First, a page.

Discover how an United States Air Force Colonel Launched a Strike Against Pain
Acupuncture has been around for thousands of years, yet new innovations to the ancient healing art continue to be made. This is the case with Battlefield Acupuncture, which has played an important role in the United
States Armed Forces. The remarkable pain-relieving technique developed
by Air Force Colonel (Ret), Dr. Richard Niemtzow, is a specific protocol of
acupuncture done only on the outer ear, using specialized, semi-permanent needles.
Colonel Niemtzow initially introduced this method with the intention of eliminating wounded soldiers’ pain while on the battlefield. It was so successful that the Air Force began teaching it to physicians deploying to Iraq and Afghanistan in early 2009. Doctors at Andrews Air Force Base have found that this extraordinary procedure can relieve severe pain, lasting several days or more.
During the Vietnam War, there was some American exposure to acupuncture, but never an official government program to make use of the ancient healing art. Colonel Niemtzow is actually a traditionally trained radiation oncologist, researcher, forensic examiner and has served as a Chief Flight Surgeon in support of Operation Desert Shield/Storm. But around 1994, while stationed at McGuire Air Force Base in New Jersey, he began studying acupuncture. In 1998 the Colonel was appointed as the United States Military’s first full-time acupuncturist. By 2002, Dr. Niemtzow became Consultant for Alternative and Complementary Medicine to the Air Force Surgeon General. He established the acupuncture clinic at Andrews Air Force Base.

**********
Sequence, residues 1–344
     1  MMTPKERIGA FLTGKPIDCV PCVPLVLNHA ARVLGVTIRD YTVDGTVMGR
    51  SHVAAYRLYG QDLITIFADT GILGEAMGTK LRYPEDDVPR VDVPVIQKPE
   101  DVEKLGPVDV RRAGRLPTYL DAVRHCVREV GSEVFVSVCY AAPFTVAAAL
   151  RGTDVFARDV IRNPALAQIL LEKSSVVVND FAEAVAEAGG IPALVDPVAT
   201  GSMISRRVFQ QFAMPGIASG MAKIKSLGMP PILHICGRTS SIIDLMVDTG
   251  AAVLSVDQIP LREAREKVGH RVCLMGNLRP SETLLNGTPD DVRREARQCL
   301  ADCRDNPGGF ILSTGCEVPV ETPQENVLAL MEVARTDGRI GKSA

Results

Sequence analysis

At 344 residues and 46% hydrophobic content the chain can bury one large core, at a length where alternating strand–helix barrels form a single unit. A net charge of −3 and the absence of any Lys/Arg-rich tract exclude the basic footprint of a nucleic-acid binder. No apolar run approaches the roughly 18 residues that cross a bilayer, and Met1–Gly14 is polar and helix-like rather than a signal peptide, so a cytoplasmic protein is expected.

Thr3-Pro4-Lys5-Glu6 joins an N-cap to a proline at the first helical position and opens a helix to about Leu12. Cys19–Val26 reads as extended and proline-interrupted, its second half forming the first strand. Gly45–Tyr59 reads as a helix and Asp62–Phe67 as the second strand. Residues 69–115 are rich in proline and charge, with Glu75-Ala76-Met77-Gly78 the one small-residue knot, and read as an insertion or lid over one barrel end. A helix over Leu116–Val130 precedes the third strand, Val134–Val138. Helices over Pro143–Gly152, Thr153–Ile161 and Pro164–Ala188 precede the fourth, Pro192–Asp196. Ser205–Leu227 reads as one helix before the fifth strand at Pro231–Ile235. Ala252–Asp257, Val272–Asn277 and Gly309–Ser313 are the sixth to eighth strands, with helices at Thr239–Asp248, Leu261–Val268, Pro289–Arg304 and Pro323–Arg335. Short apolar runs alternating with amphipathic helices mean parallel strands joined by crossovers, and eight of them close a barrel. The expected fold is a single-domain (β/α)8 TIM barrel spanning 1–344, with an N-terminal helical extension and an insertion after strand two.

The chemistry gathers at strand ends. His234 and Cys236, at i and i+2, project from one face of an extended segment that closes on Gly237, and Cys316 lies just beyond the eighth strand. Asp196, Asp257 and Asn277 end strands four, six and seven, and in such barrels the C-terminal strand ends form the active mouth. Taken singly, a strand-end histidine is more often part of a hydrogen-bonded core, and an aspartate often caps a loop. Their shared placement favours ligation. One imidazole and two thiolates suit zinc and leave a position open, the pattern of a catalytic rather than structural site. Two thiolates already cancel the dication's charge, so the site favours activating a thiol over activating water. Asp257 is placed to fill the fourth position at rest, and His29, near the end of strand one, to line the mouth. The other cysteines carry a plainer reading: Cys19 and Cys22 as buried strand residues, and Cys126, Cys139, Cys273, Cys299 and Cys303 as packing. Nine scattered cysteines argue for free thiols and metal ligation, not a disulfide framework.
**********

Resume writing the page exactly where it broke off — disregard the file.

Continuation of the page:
I was privileged to have been among the first few civilian doctors to be personally trained by Dr. Niemtzow. When I met the Colonel in February of 2010, I had been successfully practicing auricular therapy ear acupuncture for several years. I was thrilled to add his Battlefield protocol to my practice.
Dr. Donald Liebell, DC, BCAO
477 Viking Drive #170
Virginia Beach, ViA 23452
The outer ear is called the auricle. Ear acupuncture is known worldwide as auricular therapy. Many sources have incorrectly reported that it was a Chinese development. Actually it was developed in France in the 1950s by neurologist, Paul Nogier, MD, who introduced it to the Chinese.
Colonel Niemtzow's Battlefield Acupuncture is a specific protocol based on the French physician, Nogier's work. It is a specific sequence of treating up to five specific acupuncture points on each ear, using ear acupuncture needles developed by Nogier, called ASP. After each point in the sequence is treated, patients get up and walk around a little bit before the next one is done.
Colonel (Dr. ) Steven Burns, who works with Dr. Niemtzow at Andrews Air Force Base, reminds the public that "acupuncture may be performed using traditional needles. Or physicians can use electro-acupuncture or even laser acupuncture. It [Battlefield Acupuncture with ASP needles] is just one more tool to help them do their job better." (source: official U.S. Air Force website)